Majority Says They Would Rather Live in the U.S.A.

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(Wikimedia Commons)

When it comes to popularity contests, the United States, which celebrates Independence Day Tuesday, may not be the prom queen of nations, but she is the beauty most people would rather snuggle with if they had the choice.

Asked if they could live anywhere in the world, 75 percent of American adults say they would prefer to live right here in the “good old U.S. of A.,” according to a new Rasmussen Reports survey release on the eve of the nation’s 241st birthday.

The pre-Independence Day survey said that 49 percent of American adults “believe the United States, as the Pledge of Allegiance states, is indeed a nation with liberty and justice for all.” However, that number is down from last year’s 53 percent, but still up three points from the 46 percent in 2014, according to Rasmussen.

“We hold these truths to be self-evident, that all men are created equal, that they are endowed by their Creator with certain unalienable Rights, that among these are Life, Liberty and the pursuit of Happiness.” —Declaration of Independence, July 4, 1776

What is clear from this new survey is that, as the nation prepares to celebrate Independence Day, the public seems somewhat evenly divided, with 44 percent telling Rasmussen that they “do not believe the United States is a nation with liberty and justice for all.”

Surveys like this reinforce long-standing tongue-in-cheek questions for anti-American protesters that run something like this: “If the United States is such a rotten place, why are so many people constantly sneaking in?”

One doesn’t see a flood of disgruntled Americans clandestinely fleeing south, or to Europe or Asia. Most other countries appear to have tougher immigration policies, and are not so pleasant with illegal entrants.

One attention-getter result of the new survey is that 15 percent of the respondents said they would not live in this country if given a choice. But that ignores the reality that they actually do have a choice. Americans don’t have to live here if they don’t want to. They are free to travel. All they need to do is find a home somewhere else, where they can find a job or a welcome mat.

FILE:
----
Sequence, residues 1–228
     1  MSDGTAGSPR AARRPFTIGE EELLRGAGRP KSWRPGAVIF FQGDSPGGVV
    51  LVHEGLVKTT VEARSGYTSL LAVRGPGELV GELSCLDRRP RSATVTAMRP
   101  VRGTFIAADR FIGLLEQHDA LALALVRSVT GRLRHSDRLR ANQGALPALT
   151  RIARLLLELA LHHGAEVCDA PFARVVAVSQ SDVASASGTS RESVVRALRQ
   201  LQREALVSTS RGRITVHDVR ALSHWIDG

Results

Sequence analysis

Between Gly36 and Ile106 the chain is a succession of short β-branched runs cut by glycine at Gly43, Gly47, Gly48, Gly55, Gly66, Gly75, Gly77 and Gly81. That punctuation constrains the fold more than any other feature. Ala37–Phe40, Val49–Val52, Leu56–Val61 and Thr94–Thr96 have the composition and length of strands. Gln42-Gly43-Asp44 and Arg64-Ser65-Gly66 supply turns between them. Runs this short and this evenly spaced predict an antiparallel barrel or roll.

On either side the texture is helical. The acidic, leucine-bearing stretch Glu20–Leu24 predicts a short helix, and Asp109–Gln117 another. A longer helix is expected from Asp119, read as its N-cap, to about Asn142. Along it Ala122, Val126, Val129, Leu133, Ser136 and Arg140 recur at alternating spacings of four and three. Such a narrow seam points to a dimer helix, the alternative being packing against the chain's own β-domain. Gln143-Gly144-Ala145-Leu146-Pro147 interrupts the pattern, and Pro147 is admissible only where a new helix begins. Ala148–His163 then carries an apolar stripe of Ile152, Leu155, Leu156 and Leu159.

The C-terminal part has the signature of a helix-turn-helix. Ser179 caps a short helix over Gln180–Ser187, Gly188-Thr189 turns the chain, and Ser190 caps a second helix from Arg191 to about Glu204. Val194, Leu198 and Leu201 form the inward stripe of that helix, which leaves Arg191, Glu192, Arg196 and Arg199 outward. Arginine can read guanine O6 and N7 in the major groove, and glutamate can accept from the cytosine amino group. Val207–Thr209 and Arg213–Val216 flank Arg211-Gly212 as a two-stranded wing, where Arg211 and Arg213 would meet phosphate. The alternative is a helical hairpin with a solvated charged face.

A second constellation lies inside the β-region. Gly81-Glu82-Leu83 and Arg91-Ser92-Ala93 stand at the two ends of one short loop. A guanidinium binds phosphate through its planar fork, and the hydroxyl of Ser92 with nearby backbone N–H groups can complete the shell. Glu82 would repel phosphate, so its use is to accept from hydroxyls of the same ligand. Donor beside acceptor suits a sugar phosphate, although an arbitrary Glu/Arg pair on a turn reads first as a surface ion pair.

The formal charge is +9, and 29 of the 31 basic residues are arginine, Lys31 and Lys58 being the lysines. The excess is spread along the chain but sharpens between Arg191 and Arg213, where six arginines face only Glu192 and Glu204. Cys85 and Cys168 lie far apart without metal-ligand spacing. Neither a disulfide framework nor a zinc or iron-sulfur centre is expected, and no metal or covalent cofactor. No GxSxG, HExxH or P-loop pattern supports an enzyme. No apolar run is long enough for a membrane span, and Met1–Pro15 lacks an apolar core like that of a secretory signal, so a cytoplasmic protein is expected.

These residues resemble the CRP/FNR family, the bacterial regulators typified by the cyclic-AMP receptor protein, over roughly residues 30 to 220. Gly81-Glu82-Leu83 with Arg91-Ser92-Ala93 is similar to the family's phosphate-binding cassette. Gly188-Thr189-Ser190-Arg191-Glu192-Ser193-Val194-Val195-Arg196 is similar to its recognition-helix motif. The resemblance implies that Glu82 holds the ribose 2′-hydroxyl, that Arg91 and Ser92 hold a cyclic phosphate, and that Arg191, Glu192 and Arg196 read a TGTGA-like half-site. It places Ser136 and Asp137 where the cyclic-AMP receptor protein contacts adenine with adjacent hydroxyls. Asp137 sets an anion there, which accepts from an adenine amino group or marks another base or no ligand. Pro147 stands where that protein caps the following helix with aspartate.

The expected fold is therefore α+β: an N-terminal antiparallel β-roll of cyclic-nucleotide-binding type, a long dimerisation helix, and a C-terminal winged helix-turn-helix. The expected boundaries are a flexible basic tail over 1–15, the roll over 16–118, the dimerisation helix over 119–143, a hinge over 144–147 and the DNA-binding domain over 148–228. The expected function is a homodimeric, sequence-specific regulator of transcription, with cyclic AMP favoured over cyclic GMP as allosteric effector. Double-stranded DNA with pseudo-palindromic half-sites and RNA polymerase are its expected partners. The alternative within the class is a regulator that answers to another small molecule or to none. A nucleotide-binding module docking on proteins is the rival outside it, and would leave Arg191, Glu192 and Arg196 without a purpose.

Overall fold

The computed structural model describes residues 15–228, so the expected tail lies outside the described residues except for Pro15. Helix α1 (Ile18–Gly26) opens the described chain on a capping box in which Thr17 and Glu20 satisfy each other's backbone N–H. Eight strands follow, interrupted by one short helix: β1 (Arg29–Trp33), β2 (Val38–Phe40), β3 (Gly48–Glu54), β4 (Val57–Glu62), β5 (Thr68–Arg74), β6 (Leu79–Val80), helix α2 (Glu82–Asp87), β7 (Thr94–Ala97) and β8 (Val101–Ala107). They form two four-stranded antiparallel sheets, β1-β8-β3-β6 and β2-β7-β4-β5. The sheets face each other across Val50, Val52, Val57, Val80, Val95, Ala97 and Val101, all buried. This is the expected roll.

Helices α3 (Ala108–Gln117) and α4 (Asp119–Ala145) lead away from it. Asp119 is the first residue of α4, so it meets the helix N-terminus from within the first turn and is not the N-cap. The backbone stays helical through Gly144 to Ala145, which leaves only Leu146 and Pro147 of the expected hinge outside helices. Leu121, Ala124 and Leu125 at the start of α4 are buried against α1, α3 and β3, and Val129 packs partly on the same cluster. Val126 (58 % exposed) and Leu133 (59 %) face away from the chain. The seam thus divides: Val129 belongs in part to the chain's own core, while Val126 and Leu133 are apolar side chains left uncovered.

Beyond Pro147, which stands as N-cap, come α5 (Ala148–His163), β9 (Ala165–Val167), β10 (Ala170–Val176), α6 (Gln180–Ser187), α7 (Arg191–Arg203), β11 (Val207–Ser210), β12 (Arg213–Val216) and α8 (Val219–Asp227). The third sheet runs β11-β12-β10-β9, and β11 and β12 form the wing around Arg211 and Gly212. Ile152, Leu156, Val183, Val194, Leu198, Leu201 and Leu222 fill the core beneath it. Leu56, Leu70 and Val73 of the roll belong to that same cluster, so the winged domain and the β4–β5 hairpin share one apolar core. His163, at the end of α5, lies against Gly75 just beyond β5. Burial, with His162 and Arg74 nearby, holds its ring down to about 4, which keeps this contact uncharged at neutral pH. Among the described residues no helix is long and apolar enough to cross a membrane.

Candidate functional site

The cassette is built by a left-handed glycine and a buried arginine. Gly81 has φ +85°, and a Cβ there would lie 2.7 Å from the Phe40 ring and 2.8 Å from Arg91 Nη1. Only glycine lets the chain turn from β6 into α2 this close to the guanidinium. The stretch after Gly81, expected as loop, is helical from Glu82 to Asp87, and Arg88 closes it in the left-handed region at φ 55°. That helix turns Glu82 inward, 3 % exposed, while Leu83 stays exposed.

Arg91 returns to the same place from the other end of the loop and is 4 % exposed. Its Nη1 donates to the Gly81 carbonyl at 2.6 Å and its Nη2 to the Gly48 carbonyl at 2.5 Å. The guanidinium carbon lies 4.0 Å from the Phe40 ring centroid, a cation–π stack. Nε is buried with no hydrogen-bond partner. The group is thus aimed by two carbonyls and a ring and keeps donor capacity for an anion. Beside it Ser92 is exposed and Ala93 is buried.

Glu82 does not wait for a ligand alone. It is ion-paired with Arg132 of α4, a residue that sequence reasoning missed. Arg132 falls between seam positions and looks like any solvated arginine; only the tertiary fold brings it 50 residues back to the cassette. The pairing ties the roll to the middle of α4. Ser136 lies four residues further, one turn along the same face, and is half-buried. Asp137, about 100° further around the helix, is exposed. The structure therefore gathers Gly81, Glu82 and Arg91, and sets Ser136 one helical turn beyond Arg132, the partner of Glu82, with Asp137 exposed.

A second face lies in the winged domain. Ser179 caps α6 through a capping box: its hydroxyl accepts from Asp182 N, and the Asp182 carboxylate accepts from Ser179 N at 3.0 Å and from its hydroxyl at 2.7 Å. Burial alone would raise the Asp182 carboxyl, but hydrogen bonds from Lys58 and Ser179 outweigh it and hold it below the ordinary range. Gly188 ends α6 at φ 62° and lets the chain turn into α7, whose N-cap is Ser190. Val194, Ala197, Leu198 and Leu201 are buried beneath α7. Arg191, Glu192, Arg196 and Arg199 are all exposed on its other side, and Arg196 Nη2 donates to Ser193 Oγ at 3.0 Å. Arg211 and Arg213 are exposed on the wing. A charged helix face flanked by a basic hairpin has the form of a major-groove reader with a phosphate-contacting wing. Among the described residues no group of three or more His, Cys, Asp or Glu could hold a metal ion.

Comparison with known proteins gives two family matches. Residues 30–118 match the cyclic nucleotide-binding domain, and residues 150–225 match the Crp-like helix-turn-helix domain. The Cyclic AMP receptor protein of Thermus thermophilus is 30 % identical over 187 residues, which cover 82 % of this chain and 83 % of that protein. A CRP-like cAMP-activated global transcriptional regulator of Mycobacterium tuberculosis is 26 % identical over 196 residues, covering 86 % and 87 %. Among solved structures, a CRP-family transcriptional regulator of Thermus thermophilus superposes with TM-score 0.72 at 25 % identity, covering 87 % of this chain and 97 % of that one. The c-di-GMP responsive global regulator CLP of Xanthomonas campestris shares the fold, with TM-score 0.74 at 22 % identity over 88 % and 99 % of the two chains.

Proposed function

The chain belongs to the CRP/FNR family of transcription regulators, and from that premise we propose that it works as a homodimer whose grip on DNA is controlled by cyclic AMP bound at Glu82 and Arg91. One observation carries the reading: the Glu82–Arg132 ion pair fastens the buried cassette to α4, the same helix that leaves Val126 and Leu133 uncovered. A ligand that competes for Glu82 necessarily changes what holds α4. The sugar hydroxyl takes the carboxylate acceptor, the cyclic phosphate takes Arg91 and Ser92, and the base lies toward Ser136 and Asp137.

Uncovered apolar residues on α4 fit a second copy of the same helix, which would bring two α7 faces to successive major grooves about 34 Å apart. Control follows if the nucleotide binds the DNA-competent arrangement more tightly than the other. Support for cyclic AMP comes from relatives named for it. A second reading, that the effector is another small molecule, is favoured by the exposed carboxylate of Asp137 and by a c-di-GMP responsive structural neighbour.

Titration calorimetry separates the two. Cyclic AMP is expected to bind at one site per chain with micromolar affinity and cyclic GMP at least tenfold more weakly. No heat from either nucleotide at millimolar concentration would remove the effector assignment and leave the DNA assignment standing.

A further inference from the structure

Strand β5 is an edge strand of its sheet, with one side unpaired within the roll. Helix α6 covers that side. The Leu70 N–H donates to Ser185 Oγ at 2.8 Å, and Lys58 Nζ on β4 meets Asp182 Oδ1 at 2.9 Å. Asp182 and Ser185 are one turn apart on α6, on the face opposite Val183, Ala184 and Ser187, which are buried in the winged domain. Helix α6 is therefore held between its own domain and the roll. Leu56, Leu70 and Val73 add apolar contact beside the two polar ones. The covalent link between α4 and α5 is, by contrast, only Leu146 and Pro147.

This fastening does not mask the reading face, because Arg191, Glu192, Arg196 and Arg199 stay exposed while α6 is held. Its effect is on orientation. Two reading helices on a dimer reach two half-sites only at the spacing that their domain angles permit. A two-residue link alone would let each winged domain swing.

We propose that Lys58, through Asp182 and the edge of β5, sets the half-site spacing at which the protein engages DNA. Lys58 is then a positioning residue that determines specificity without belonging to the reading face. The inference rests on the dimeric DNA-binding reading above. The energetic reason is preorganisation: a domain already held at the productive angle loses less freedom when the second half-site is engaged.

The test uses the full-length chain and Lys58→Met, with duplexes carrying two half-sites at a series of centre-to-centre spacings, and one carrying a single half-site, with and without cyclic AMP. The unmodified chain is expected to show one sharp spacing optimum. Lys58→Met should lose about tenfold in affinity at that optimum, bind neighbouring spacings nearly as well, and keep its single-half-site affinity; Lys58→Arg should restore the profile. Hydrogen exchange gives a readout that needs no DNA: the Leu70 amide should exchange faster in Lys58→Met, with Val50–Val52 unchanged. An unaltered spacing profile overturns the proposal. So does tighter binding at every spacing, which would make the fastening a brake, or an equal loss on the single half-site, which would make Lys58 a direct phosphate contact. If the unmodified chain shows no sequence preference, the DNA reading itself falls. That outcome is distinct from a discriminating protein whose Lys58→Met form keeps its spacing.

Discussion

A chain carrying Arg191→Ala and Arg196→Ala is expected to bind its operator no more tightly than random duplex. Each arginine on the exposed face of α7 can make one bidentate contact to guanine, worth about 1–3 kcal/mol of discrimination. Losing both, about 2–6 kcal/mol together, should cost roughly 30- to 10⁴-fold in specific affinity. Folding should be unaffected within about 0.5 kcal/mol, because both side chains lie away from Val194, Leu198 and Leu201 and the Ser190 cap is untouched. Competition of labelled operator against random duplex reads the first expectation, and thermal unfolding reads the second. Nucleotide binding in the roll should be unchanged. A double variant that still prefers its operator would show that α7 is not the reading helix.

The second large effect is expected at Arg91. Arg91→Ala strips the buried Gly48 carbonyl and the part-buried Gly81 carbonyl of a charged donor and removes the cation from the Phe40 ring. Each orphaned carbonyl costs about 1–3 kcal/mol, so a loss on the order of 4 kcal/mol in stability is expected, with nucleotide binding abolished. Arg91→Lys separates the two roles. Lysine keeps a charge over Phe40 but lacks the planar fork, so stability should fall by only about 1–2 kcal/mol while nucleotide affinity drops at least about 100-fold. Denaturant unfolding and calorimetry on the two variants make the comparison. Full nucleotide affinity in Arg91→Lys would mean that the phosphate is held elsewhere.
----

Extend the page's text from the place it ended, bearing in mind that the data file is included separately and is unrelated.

There is more to the survey, and some of the data is revealing.

According to Rasmussen, 52 percent of men say this country “is a nation with liberty and justice for all, a view shared by 46 percent of women.” But 47 percent of women disagree.

Here’s another revelation that suggests there may be a generational conflict.

“Adults under 40 are less likely than their elders to say the United States offers liberty and justice for all,” Rasmussen said. “They’re also the most likely to say they would live somewhere other than the United States.”

“Prudence, indeed, will dictate that Governments long established should not be changed for light and transient causes; and accordingly all experience hath shewn that mankind are more disposed to suffer, while evils are sufferable than to right themselves by abolishing the forms to which they are accustomed.”—Declaration of Independence, July 4, 1776

There is some racial division too: “Most black Americans do not think the United States has liberty and justice for all. Half of white and other minority Americans disagree. The majority of adults of all races would opt to live in the United States still if given the option, though.”

The inference is that even though people may not think this country has “liberty and justice for all,” it still beats other places. At least in the United States, people can march, block traffic, rail against the government and even perform plays depicting the assassination of a president they don’t like, and they get away with it. Most such activities fall under the protection of the First Amendment, provided they are peaceful and do not incite violence.

There are party line divisions as well. According to Rasmussen, 76 percent of Republicans think the country has liberty and justice for everyone, but only 30 percent of Democrats do. Forty-six percent of independents also have doubts about liberty and justice equality.

Still, the survey noted, “majorities across the partisan board still say they’d live in the United States over anywhere else.” Some people may not like it here, but the survey suggests they would like it a lot less somewhere else.

 

 

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